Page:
Stanford football player Peter Kalambayi ’17 also said that concussion detection has become a much greater priority in recent years.
“In the past it was more lenient in terms of diagnosing the concussion,” he said.
However, Wilkerson said that high-contact sports will always put athletes at risk.
“As we’ve moved forward, the approach to TBIs have changed immensely for the good but they will never be where they need to be as long as football is football,” he wrote. “Playing football expedites the process of cognitive decline.”
“Dr. Bennett Omalu, the first to publish findings of chronic traumatic encephalopathy in football players, made that clear to me when I asked him via email if there was anything we could do about concussions in football,” Wilkerson added. “He simply said ‘stop playing.’”
Still, in a sport like football where concussions are so commonplace that players often refer to minor unreported concussions as “getting your bell rung,” many players — like Kalambayi, who aspires to a career in the NFL — say they fully understand and accept the risks of playing.
“When you put on your football helmet, there’s a warning sticker on the inside that says ‘Football is a dangerous sport. May result in serious injuries,’” Kalambayi said. “You see that the first time you play football when you’re like 10 years old.”
“Every player knows they are going to get concussed at some point — it’s just a matter of how severe your concussion is going to be,” he said. “Everybody that plays football has kind of accepted it.”
When asked about the potentially serious long-term complications of playing high contact sports like football, wrestling and ice hockey in a university setting, Ghajar emphasized that he and the other doctors at the Center are very careful about patients who do not recover quickly, and for whom it may no longer be safe to continue playing contact sports.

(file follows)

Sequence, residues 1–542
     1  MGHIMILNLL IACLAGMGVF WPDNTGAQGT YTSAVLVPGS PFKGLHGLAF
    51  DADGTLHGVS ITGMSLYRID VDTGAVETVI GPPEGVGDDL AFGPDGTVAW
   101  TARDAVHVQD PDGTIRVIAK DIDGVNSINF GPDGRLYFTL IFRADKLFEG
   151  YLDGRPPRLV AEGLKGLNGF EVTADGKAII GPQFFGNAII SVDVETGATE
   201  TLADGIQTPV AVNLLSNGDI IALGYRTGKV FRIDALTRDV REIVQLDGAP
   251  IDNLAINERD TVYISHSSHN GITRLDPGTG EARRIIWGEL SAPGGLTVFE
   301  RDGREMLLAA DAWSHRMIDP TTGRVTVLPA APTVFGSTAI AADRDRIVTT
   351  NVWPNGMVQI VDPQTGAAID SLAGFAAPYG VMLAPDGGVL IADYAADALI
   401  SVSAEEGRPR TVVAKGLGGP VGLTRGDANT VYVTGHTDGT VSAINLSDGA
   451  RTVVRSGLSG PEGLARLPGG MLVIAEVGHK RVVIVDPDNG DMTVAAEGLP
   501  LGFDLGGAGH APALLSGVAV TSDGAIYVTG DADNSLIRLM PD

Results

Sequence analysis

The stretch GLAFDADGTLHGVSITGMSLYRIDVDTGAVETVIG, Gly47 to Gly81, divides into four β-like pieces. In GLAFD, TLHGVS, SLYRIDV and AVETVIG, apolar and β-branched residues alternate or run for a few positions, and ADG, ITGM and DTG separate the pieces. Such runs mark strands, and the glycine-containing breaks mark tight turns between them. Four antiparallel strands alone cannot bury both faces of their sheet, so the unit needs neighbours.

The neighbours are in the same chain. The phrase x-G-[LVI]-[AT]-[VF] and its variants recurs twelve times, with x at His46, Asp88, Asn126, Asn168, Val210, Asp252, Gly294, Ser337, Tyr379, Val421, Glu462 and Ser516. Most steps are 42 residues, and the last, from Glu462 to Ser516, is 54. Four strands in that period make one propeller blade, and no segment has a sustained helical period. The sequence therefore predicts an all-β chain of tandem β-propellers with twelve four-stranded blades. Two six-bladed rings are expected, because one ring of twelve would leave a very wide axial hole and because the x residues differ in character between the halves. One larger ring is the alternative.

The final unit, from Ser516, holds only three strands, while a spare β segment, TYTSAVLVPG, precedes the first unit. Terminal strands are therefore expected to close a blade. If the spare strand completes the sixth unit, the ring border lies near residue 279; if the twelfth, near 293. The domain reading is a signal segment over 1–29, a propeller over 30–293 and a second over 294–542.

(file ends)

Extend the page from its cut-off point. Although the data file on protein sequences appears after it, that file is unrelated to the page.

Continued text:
Ghajar said that CTE is not sufficiently understood at this point to determine early on whether someone may be at risk for developing it. He also noted that, in addition to contact sports, sleep deprivation can be a large risk factor for injuries of all types, including brain injuries.
Ghajar added that student athletes come to universities mainly to study. He said that activities that could interfere with that, such as sports that may cause brain injury, should take less of a priority.
But ultimately, the decision to put oneself at risk for TBI by playing contact sports is a personal one.
“There’s only so much that the staff can do,” Wilkerson wrote. “Players have to look at themselves in the mirror and ask, ‘Is it really worth it?’ And if it’s worth it to you to sacrifice for your team, then so be it. You play at your own risk.”
For some former players like Wilkerson, love of a high contact sport and the allure of a professional career are not worth the risk of sustaining serious brain damage.
Wilkerson has not played football since graduating in 2014. After graduation, he helped start a company called BrainGear that makes a daily brain supplement.
“My experience at Stanford drastically changed my thoughts and opinions of football and brain injuries,” Wilkerson said. “I would never play again… All the research I did, all the lives that acted as examples before me, and my passions lying elsewhere, were enough to change everything.”
Contact Sandra Ortellado at sortella ‘at’ stanford.edu.